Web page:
It’s kind of ironic that Day 13 of my pilgrimage was also the worst day of my life.
Now, that may be a little bit of an exaggeration, but the day as a whole was miserable and just fucking horrible. I’d been watching the weather and some pretty serious low pressure systems were forecast to pass over Kochi. Being an Australian, I don’t really believe weather forecasts until it’s literally raining on my head and it wasn’t raining when I woke up and began my walk, so when it did start to rain horizontally and the wind nearly blew me off a fucking bridge, I began to believe.
I had breakfast in my hotel at 6:30am – which was a surprisingly good Japanese buffet. Then I checked out and said goodbye to my bag for 10 days. When I said that I’d be back on the 27th and it was only the 17th, the staff gave me a slightly funny look, but the pilgrim outfit gets you a get-out-of-jail-free-card every time.
I hopped on a bus for the 30 minute ride back to where I left off yesterday and headed straight for temple 33, Sekkeiji.
It started sprinkling while I was at the temple, so I pulled out my umbrella, hoping it would stop and headed for the next temple, which was about 90 minutes away.
I was actually quite happy to be heading into ‘unchartered’ territory, in the sense that I was travelling into areas I hadn’t been to before as opposed to the last five days which had essentially been back-tracking over what I had already travelled over by train and bus to get to the starting area.
Temple 34, Tanemaji has an awesome post in the ground that looks like a ginormous pilgrimage staff.
It was 10kms to the next temple but I was planning on stopping for lunch on the way at Moss Burger! Honestly speaking, I was super excited about the prospect of a chicken teriyaki burger and fries and I think it helped me cope with the rain. As I walked, the rain became heavier and heavier and I had to take refuge under a shop front to change into my first layer of wet weather gear and pull the water proof cover up over my back pack. While I was doing that, I noticed the delightful house across the road which looked like it should be in Disneyland:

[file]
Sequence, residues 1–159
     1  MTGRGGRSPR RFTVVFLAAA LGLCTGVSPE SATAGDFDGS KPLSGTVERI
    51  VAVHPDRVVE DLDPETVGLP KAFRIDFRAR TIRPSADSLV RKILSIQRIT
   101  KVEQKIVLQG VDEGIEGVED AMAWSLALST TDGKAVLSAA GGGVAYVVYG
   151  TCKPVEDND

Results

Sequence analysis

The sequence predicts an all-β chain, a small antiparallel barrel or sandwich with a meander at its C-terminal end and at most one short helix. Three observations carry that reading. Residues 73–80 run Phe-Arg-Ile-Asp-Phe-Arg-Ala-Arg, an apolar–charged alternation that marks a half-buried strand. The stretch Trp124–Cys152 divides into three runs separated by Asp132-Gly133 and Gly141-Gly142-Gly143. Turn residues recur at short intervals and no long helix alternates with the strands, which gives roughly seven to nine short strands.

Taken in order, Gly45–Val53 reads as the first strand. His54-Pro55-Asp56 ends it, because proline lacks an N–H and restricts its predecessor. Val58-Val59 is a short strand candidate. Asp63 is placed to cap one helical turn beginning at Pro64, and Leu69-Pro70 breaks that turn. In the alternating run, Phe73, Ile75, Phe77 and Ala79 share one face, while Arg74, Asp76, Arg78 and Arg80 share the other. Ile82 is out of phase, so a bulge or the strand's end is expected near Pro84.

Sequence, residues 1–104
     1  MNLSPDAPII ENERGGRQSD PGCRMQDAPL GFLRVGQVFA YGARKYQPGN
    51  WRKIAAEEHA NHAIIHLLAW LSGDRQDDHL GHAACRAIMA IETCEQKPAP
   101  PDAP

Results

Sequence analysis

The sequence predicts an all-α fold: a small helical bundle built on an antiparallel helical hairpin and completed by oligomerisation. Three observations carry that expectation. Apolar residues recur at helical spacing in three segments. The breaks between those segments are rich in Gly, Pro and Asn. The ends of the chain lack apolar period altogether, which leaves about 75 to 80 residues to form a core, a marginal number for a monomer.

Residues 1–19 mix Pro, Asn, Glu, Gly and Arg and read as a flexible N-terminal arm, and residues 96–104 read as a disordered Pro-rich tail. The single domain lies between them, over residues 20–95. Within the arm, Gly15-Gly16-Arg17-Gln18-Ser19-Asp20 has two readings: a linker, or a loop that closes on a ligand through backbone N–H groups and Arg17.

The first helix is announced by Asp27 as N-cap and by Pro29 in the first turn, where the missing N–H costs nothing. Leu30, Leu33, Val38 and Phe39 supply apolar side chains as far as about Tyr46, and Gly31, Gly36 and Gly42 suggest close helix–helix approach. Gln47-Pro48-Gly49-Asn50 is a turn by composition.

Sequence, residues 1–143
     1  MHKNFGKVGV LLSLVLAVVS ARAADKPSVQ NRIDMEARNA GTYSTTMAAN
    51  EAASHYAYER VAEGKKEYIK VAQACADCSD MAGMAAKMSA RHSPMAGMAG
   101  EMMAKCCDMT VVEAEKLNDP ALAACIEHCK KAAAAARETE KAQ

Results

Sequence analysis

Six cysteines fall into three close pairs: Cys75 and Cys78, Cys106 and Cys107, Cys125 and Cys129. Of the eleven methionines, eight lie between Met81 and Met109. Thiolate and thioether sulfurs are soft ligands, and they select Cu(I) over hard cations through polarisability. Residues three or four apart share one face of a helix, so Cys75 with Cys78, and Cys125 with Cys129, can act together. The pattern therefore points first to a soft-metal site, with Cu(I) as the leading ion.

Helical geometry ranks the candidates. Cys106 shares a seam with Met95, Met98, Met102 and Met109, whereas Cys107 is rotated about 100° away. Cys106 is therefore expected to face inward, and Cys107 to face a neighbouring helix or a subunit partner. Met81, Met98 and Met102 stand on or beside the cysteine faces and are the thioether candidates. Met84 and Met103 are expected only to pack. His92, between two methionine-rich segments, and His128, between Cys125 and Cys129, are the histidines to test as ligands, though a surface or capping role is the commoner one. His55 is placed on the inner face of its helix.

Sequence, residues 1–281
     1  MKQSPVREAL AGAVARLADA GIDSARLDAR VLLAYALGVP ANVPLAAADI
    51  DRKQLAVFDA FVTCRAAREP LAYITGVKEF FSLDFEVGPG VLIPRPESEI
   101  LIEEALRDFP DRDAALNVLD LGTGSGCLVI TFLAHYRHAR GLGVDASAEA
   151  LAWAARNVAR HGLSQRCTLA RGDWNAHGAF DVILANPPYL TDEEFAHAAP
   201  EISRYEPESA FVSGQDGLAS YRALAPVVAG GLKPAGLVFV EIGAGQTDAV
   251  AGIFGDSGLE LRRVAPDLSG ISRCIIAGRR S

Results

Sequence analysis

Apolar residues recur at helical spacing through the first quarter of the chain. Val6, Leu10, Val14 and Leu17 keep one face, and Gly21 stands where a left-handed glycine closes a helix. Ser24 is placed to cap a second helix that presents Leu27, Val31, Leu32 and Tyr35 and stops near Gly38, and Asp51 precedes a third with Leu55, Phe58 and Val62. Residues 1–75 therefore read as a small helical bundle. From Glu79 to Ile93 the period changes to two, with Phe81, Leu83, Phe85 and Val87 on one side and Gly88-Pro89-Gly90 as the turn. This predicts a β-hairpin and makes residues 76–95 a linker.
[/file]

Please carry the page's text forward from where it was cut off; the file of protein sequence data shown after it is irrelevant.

Of course, as soon as I put on the proper wet weather gear, it fined up a little and I was soon sweaty, but then it started raining in earnest again and the river I was walking along was flowing well.
Further along, the path took me over the Niyodo river which is one of Japan’s cleanest and most beautiful rivers and when the weather is good, it looks like this:
Of course, when I passed over it, it looked like this:
I later discovered on the news that it had basically been a typhoon-like spring storm with 240mm of rain falling and wind speeds over 100kms. I’d totally believe that.
I rolled (slushed?) into Moss Burger at about 11:30am which was before their lunchtime rush and there wasn’t anyone else in the restaurant so I had a good chance to strip off my wet gear, change socks and just get my shit together.
Lunch was also yummy.
On the way to the next temple, I was planning on stopping by a taxi company’s office that apparently lets you leave your backpack there while you hike up the mountain to Temple 35, Kiyotakiji. It was only about 2.5km up to the temple, but I was very glad that I had left my backpack behind. The road was steep and slippery and the rain was just gushing down, soaking my socks and feet. It would have been a nice view from the temple, had it have been fine.
I discovered the difficulties of lighting candles and incense in the rain.
There were a lot of people at the temple and I spoke to one of the elderly ladies and she said they were locals celebrating a holy day. The monk was there leading chanting and I wondered how the people had actually made it up the mountain and then I saw them all pile into mini-vans and it all became clear.